Shortly after founding Mind Trix Media, Kunene was falsely accused of murder and had to spend a week in police custody before being released - with an apology, at least. Undeterred he continued to build his business, before another disaster struck, in the form a fast-moving car that fractured his skull.
With characteristic determination, Kunene has bounced back from this setback as well, and his company has flourished. It now deals with large corporations all over the globe, from Africa to Europe and Asia.
Gift Ngoepe - Pittsburgh Pirates
Gift's story is a true fairy tale. Born and raised in a sports clubhouse in Randburg, Johannesburg, he is now poised to enter the very highest level of baseball in the USA - the Major League, what the Americans call "The Show".
To South Africans raised on a diet of soccer, cricket, and rugby, this might not seem like a big deal, but consider this: last year over 72-million people physically attended baseball games in the US. On any given Saturday, more than 2-million people watch Major League baseball on TV.
Baseball was the sport played at his clubhouse, so Gift began playing when he was very young. He was chosen to play for South Africa at the World Championships and earned a place at an academy in Italy. Here he was noticed by a representative of the Pittsburgh Pirates, a Major League team. He signed a professional contract and has spent the last few years playing in lower leagues.
The exciting news is that Gift has now made his way close to the top and has been selected to the Major League squad. If he is selected for the team itself he will become the first black African to play Major League baseball in the USA.
Which successful young South Africans inspire you? Tell us here, or tweet us on https://twitter.com/EduloanSA
Thursday, 9 June 2016
So why is there all this attention on youth at this time of year?
Obviously, it’s all centred around Youth Day itself, on 16 June. This commemorates the 1976 Students’ Uprising, most visibly associated with the famous picture of Hector Pieterson.
So there is a good deal of gravity to the focus, and an emphasis on the freedoms that have since been won for the youth of the country, as well as on the lessons that have been learned and the values that we all want our society to be based on, now and in the future.
The importance of Youth Day
The students who risked their lives in the Students’ Uprising were protesting against being forced to receive their education in Afrikaans. Of course, this issue was just one aspect of a broader system of oppression, which is ultimately why they were marching in Soweto on that day in 1976.
The peaceful protest turned violent, resulting in death and injury, and sparking much wider and intensified action. Youth Day, by commemorating these events, reminds us of the price that a previous generation of people our age – and even younger – paid for the freedoms we enjoy today.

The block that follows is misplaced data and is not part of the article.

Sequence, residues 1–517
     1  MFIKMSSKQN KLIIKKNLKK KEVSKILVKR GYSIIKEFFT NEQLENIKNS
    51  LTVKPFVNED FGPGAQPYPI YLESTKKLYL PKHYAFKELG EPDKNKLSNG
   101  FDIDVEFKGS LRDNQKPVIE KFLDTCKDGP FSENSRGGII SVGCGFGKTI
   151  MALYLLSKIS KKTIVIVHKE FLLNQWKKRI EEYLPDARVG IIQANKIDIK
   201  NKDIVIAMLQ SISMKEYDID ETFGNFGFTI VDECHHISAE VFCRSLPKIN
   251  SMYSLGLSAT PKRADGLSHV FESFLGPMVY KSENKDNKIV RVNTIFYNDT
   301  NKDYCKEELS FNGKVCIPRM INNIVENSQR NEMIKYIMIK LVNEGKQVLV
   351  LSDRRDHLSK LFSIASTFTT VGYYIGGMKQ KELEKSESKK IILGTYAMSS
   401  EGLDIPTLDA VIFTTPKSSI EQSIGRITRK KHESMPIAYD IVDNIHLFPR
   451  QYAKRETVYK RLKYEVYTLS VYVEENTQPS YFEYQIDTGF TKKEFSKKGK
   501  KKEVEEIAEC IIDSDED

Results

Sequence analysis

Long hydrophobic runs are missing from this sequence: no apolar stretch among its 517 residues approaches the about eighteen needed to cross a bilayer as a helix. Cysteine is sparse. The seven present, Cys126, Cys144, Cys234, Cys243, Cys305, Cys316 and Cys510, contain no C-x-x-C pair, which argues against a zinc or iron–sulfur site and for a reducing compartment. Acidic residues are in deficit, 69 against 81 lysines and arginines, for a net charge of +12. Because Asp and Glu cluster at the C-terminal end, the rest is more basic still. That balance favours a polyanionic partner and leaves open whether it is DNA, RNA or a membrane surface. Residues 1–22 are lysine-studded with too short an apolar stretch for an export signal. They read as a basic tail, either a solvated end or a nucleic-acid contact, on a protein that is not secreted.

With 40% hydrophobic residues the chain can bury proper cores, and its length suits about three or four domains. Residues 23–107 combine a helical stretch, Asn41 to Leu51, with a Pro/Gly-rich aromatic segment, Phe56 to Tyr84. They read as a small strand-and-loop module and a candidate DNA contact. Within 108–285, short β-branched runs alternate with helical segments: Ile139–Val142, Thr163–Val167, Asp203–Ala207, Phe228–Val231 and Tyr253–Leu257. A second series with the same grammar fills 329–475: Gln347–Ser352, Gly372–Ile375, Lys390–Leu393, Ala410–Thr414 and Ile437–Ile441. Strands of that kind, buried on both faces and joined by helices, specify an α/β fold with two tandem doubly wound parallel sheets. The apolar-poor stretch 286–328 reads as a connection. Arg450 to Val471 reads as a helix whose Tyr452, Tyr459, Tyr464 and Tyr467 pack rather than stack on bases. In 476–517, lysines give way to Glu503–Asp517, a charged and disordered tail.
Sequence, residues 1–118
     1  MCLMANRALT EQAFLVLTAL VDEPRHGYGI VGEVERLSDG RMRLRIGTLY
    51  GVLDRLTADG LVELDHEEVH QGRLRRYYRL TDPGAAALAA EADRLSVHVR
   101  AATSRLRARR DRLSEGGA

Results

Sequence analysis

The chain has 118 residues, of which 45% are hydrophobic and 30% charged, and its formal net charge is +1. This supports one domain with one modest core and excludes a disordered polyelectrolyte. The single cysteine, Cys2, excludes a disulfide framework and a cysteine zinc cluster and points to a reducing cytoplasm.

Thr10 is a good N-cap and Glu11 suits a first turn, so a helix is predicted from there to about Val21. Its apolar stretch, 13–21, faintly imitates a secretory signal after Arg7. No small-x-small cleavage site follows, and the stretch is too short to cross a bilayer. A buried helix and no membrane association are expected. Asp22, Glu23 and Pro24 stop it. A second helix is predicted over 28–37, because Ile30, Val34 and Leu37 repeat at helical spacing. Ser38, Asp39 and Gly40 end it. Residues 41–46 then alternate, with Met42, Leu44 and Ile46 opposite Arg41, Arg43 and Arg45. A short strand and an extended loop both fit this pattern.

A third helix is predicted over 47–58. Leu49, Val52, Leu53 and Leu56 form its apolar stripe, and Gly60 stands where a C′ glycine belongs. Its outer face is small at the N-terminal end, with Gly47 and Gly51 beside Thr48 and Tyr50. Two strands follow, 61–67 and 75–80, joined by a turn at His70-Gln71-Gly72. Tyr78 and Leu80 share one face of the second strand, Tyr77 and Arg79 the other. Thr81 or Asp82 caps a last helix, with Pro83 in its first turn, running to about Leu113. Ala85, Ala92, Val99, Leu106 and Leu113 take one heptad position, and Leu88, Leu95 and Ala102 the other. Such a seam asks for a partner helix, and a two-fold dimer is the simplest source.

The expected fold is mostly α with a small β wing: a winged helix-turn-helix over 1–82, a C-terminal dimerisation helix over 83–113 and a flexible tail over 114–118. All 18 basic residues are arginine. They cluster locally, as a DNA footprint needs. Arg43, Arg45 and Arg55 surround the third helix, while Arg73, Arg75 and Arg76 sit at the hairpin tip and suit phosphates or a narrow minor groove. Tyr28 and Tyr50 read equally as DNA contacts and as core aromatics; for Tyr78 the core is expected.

How can we mark Youth Month?
Probably the most important thing we can do to mark Youth Month is to remember the events of 1976 and acknowledge the brave and principled stand that the youth took.
We should also learn lessons from them – for instance, that although we have rights, we should not take them for granted; they were hard-earned.
It doesn’t have to be all about sombre reflection, though. We should also celebrate our freedom – and the mere fact that we are young. It is, after all, a time of our lives brimming with potential, when the world lies open before us. So we should enjoy ourselves during Youth Month – attending concerts and participating in other social events.
Youth Month celebration ideas
If you’re wanting to mark Youth Day or do something to participate in Youth Month this year, we’ve collected some ideas for you.
Those of you in Cape Town can take part in the Miles For Smiles Beach Walk on 16 June, organised by Operation Smile.
Music lovers can head for the Silver Mountain Music Festival, which runs from 16 to 19 June in the Langeberg Mountains.
At the Linder Auditorium in Johannesburg, there will be a full programme of classical music for those so inclined.
For those wanting a more immediate experience, the Metro Walk in Soweto allows participants to retrace the steps of the youth on that fateful day in 1976.
What are your ideas for commemorating or celebrating Youth Month? Tell us here, or tweet us on https://twitter.com/EduloanSA
Thursday, 2 June 2016
Let’s ask ourselves then, when we get to 2063 and look back, what are the things we will want to have achieved?
Sustainability isn’t only important from the point of view of preserving our planet and its environment. It’s also a crucial part of any development plans that we make for our own continent. With so many African economies either in early stages of economic development or extremely vulnerable to cost increases, it’s important that the products, processes and models we adopt can be sustained. In other words, that we can afford them in the long-term.
Of course, we also need to start managing natural resources more carefully, and developing alternative sources of energy, if we are to leave a world that offers next generations a lifestyle that is at least comparable to ours – ideally better. On a continent so blessed with daylight hours and other alternative energy production methods, we should hope to be world leaders in sustainability by 2063.